Posted by Gary Mackley-Smith on March 13, 2018
From 6 April 2019, shareholders who would otherwise lose valuable Entrepreneurs’ Relief (ER) when their percentage interest in a trading company falls below 5% due to the company issuing shares to raise capital on or after that date will have their tax position safeguarded under new proposals unveiled in the 2018 Spring Statement.
ER can reduce Capital Gains Tax on the disposal of shares in a private company on qualifying gains up to £10m, so long as the individual owns at least 5% of the company. However, some company owners have lost their relief where their holding was diluted due to having to raise funds via a share issue to external funders.
Provisions will be included in Finance Bill 2018-19 to allow affected individuals to “bank” their ER before the dilution takes place, with any tax charge deferred until the shares are eventually sold. Draft legislation will be available in the summer.
The mechanics of how this will work have been set out in a new consultation which will close on 15 May.
An Individual will be able to elect to crystallise the gain on their shares immediately prior to their holding being diluted, so they are treated for tax purposes as selling and immediately reacquiring their interest at the then market value.
The individual can then choose to defer the accrued gain on this deemed disposal, so that ER will apply to the deferred gain when they actually come to sell their shares.
The individual will have to have met the conditions for claiming ER at the time of the deemed disposed and buyback, ER only being protected in this way where the shareholding dilution was a consequence of an issue of shares made by the company for genuine commercial reasons.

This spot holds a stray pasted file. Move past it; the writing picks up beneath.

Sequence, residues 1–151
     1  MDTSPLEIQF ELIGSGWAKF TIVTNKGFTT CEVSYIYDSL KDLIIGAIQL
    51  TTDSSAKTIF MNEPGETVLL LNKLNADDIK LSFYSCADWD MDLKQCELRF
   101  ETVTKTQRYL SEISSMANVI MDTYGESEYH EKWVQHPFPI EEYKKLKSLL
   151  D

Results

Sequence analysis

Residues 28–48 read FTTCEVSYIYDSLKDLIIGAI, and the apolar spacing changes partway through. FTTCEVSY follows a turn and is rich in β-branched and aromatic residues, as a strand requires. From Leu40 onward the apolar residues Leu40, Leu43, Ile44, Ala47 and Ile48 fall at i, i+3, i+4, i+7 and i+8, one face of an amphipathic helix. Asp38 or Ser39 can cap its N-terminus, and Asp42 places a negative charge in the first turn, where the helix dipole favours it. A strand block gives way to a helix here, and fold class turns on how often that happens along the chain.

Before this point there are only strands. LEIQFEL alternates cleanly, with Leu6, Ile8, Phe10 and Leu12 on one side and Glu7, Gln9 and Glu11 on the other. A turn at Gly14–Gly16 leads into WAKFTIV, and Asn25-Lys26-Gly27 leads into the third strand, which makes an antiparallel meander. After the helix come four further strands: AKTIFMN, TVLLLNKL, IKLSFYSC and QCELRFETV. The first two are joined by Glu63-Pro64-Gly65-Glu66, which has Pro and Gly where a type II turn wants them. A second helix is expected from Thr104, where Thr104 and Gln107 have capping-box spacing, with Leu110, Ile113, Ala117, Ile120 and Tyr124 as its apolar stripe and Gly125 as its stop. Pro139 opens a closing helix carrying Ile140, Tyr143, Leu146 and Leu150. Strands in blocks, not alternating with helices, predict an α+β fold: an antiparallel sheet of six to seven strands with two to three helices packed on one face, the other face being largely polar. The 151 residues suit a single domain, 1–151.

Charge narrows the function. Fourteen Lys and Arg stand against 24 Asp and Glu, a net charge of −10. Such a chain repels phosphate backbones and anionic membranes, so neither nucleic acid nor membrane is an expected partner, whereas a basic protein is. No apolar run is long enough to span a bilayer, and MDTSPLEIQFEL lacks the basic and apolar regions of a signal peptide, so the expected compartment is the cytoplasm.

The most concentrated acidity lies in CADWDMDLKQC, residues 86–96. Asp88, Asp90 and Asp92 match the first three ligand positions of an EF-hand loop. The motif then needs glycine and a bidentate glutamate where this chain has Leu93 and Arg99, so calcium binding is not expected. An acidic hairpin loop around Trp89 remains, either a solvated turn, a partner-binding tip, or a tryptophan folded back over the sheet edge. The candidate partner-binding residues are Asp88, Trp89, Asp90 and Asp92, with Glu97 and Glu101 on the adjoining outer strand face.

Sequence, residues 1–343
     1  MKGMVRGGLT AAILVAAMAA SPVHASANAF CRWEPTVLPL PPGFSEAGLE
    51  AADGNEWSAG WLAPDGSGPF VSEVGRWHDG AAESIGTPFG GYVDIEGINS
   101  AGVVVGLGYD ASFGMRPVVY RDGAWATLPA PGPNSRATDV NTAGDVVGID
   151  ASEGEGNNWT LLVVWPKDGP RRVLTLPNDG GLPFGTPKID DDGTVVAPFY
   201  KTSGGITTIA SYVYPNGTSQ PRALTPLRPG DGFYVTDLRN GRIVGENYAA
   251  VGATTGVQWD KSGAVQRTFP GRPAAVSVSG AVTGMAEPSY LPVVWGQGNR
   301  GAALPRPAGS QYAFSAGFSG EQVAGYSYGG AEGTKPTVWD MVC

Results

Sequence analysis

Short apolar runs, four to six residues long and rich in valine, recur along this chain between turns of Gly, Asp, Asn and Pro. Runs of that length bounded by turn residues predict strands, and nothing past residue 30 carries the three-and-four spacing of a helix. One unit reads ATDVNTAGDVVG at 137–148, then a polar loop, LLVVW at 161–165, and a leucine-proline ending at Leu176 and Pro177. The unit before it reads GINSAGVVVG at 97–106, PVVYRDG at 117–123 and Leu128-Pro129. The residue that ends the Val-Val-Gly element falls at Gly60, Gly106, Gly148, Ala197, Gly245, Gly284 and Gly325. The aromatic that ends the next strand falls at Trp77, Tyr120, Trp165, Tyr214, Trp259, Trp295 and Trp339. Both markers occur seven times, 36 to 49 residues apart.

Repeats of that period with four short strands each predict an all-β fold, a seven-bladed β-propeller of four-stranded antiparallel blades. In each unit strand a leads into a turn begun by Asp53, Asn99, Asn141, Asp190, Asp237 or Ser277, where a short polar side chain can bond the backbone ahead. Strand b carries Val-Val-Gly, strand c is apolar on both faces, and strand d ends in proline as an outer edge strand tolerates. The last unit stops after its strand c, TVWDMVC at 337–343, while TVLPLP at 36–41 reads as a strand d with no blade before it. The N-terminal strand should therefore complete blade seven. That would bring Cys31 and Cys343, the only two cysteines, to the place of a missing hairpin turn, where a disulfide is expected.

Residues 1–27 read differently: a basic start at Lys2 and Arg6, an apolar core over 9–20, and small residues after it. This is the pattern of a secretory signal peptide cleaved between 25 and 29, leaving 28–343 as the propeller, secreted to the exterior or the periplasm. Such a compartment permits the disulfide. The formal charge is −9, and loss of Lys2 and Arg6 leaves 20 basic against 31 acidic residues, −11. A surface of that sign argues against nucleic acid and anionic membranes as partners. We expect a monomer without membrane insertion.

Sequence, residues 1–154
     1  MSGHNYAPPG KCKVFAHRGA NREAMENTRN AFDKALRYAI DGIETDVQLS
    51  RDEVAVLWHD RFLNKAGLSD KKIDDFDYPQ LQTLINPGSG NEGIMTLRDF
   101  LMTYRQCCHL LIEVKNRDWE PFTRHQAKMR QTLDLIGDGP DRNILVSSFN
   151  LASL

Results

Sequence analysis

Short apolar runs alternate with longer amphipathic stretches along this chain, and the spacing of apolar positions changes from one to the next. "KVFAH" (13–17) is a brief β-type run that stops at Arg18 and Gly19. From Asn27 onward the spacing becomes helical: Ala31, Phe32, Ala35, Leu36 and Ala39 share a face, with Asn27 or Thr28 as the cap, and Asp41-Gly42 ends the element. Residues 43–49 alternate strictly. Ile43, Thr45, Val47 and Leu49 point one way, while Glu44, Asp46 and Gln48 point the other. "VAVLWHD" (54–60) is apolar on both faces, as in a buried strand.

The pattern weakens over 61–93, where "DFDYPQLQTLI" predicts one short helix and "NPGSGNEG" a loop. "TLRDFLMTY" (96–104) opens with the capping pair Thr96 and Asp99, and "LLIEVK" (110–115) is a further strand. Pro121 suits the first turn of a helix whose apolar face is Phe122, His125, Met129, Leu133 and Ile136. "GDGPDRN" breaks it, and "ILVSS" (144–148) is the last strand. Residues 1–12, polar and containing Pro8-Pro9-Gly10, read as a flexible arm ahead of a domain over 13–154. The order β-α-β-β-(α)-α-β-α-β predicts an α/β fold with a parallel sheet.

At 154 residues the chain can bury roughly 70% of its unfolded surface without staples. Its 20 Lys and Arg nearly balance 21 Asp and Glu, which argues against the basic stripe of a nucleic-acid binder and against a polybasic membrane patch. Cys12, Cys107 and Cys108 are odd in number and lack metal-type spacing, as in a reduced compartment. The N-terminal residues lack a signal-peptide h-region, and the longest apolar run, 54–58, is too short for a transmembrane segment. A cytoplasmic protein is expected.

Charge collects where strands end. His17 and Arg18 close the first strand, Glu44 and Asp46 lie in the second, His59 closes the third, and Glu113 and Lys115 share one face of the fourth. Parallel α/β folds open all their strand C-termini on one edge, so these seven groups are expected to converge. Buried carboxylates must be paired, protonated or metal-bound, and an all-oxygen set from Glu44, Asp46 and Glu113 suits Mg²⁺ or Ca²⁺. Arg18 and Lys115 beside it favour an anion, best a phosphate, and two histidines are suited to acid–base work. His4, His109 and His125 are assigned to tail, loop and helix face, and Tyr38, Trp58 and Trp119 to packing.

The following worked example is based on the consultation document’s explanation.
Angela pays £20,000 for 20,000 £1 ordinary shares in a new trading company of which she is a director. This gives her 10% of the company’s ordinary share capital and 10% of the voting rights.
After 18 months (in September 2023) the company raises working capital by issuing 1.8 million new £1 ordinary shares. Immediately before the new shares were issued, Angela’s shares were worth £3.50 each. She does not subscribe for new shares. Her holding is now 1% of the ordinary share capital and 1% of the voting rights.
If Angela had sold her shares immediately before the new shares were issued, she would have been able to claim ER on their gain of £50,000. Under the government’s proposals, she will be able to elect in her 2023-24 tax return to be treated as having made that disposal and immediately reacquired the same shares at the same price. The return will reflect the gain (along with other relevant gains, losses, reliefs, income etc.) and Angela may claim ER.
Going forward, the acquisition cost of Angela’s shares is equal to their value at the deemed reacquisition. This is the cost which will be used in computing any subsequent gain or loss.
Angela understandably does not want to pay tax on her gain in tax year 2023-24 and so claims for the accrual of the gain to be deferred. The claim is made in her 2023-24 tax return or by other permitted means up to 5 April 2028.
In June 2030, Angela resigns from the company and sells all her shares. By this time the shares are worth £11.00 each. Her deferred gain of £50,000 is treated as accruing, and she may claim ER on that gain – which will be treated as eligible for relief under the terms then applicable.
She will also have another gain on the actual disposal. This will be 20,000*(£11.00 – £3.50) = £150,000. Assuming the present eligibility conditions continue to apply, ER will not be available on this gain because the company was not her personal company (her holding was less than 5%) at the required times.
If, when she sells her shares in June 2030, Angela’s shares were instead worth only £3 each, a loss of £10,000 would accrue (20,000*(£3.00-£3.50): her shares are treated as having been acquired for £3.50 each under the deemed disposal and reacquisition). Subject to a claim, this loss would be available to set against her deferred gain of £50,000 which is also treated as accruing, or against other gains which accrue in the same tax year if that would be a more effective use of the loss.